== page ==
How we measure 'reads'
A 'read' is counted each time someone views a publication summary (such as the title, abstract, and list of authors), clicks on a figure, or views or downloads the full-text. Learn more
Since 2016, I have also led a high-functioning, multi-disciplinary project delivery team (PDT) with a wide range of engineering and science backgrounds, in developing a scope, schedule (with milestones with dependencies), and budget to support the planning and design of the Coastal Texas Protection and Restoration Study (CTPRS) – the USACE’s largest civil works feasibility study. (www.coastalstudy.texas.gov)
October 2017 - present
- Project Manager
- I currently work for the USACE Galveston District, serving as the Project Manager for the USACE’s largest study in the nation, the Coastal Texas Protection and Restoration Study (CTPRS), overseeing the efforts of 85 permanent full-time USACE employees spread across the country, and coordinating the efforts of an additional 30+ Texas General Land Office personnel and contractors on a daily basis. As the PM for the study, I am responsible for managing a $21 M budget within a 6-year study schedule
September 2016 - September 2017
- Section Chief
- I worked for the USACE Regional Planning & Environment Center, and served as the Chief for the Coastal Section (sitting in the Galveston District Offices), overseeing the efforts of 9 permanent full-time employees, and 3 part-time support planners from the USACE New Orleans District with oversight of contracted tasks as needed. As Section Chief I developed performance standards for each employee, evaluated their performance on a biannual basis, and generated ratings for those employees each yr
January 1998 - November 2015
- Research Ecologist
- For 18 years, I worked for the US Army Engineer Research and Development (ERDC), where I concentrated on developing practical ways to transfer research and technology to the field. For example, I conducted 14 civil works feasibility studies that involved engineering investigations that generated economic and environmental determinations utilizing ERDC R&D products to capture the return on investment (benefits/impacts) of constructing land & water resource projects authorized under ecosystem rest
Unintended consequences arising from the damming and regulation of large multi-state river systems have generated complex socioecological conflicts that must now be addressed to facilitate ecosystem-based management in a holistic, sustainable, and resilient fashion. In these situations, the involvement of numerous stakeholders with disparate and of...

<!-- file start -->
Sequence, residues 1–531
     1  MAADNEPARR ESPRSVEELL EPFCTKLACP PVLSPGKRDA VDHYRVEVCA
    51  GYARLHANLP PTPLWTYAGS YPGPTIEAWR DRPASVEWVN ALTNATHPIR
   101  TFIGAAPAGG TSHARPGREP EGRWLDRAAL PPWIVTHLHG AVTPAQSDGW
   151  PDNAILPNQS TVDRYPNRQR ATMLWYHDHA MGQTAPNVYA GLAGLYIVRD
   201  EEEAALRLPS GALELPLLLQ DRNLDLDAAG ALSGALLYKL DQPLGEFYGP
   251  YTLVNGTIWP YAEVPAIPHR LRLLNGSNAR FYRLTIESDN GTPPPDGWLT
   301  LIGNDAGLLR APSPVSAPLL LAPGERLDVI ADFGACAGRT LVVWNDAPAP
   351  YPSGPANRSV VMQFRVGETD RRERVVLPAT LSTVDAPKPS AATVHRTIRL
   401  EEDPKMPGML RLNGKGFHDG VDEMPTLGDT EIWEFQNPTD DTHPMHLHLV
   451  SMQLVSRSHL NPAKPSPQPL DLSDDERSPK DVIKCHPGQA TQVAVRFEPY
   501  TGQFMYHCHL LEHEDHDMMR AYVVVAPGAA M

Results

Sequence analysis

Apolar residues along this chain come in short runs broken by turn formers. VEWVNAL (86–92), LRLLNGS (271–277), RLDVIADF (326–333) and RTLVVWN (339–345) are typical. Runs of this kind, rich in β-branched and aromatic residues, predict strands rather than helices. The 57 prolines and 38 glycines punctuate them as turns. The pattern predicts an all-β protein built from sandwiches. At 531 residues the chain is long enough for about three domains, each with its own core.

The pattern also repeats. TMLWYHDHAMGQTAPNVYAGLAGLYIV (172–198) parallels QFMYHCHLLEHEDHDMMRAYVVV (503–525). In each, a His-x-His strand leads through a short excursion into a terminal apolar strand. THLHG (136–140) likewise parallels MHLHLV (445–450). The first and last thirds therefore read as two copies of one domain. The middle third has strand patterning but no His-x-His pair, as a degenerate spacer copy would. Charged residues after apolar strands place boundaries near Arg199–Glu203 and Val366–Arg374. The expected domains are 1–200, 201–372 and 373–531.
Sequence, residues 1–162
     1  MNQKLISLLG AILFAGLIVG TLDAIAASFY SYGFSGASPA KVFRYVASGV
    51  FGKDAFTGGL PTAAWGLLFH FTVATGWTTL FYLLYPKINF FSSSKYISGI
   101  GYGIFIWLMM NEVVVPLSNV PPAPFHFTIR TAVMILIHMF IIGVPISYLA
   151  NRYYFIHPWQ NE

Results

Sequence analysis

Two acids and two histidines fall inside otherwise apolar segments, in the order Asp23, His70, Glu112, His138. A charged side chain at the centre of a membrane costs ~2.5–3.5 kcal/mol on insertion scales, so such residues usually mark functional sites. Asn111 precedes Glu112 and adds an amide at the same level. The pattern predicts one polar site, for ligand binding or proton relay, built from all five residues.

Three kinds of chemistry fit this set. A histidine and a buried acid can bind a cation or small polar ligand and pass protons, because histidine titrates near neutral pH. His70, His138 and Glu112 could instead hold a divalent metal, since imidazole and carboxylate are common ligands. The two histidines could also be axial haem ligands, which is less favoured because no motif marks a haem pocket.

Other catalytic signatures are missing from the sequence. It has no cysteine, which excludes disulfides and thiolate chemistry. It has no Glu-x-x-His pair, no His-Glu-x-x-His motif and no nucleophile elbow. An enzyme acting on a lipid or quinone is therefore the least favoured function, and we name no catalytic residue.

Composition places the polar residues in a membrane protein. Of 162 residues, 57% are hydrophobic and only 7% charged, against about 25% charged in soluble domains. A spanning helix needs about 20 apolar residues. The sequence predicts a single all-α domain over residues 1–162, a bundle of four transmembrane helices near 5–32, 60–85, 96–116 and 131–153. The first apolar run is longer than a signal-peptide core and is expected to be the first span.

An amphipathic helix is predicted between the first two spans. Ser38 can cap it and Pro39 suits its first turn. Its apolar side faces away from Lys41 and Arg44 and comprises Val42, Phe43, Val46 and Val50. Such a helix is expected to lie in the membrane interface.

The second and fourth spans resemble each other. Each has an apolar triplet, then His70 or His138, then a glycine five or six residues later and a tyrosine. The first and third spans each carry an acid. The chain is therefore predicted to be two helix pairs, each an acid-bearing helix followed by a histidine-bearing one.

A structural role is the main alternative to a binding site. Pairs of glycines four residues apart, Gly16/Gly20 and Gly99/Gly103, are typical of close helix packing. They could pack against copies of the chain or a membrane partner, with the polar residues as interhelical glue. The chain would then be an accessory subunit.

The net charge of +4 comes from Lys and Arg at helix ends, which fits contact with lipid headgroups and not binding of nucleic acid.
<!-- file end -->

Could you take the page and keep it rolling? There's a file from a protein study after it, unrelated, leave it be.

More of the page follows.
Coastal communities around the world are facing increased coastal flooding and shoreline erosion from factors such as sea-level rise and unsustainable development practices. Coastal engineers and managers often rely on gray infrastructure such as seawalls, levees and breakwaters, but are increasingly seeking to incorporate more sustainable natural...
The U.S. Army Corps of Engineers (USACE) operates and maintains numerous projects in support of its various civil works missions including flood damage risk reduction, navigation, and ecosystem restoration. Originally authorized on an economic basis, these projects may produce a broad array of unaccounted for ecosystem services (ES) that contribute...
Much of the United States’ critical infrastructure is either aging or requires significant repair, leaving U.S. communities and the economy vulnerable. Outdated and dilapidated infrastructure places coastal communities, in particular, at risk from the increasingly frequent and intense coastal storm events and rising sea levels. Therefore, investmen...
There is great interest in the restoration and conservation of coastal habitats for protection from flooding and erosion. This is evidenced by the growing number of analyses and reviews of the effectiveness of habitats as natural defences and increasing funding world-wide for nature-based defences–i.e. restoration projects aimed at coastal protecti...
Percentage wave height reduction versus relative height of salt-marshes. Field measurements of % wave height reduction versus non-dimensional parameter, hv/h in salt-marshes (n = 8). Red line indicates relative vegetation height hv/h = 1, below which the vegetation is fully submerged. One point (circled in red) with very low relative height and ver...
Percentage wave height reduction versus a) relative wave height and b) relative width in coral reefs. Field measurements of % wave height reduction are plotted versus non-dimensional engineering parameters: (a) Hi/h in reefs (left, n = 27), red line indicates depth-limiting ratio for wave height, Hi/h = 0.78; (b) B/L in coral reefs (right, n = 34)....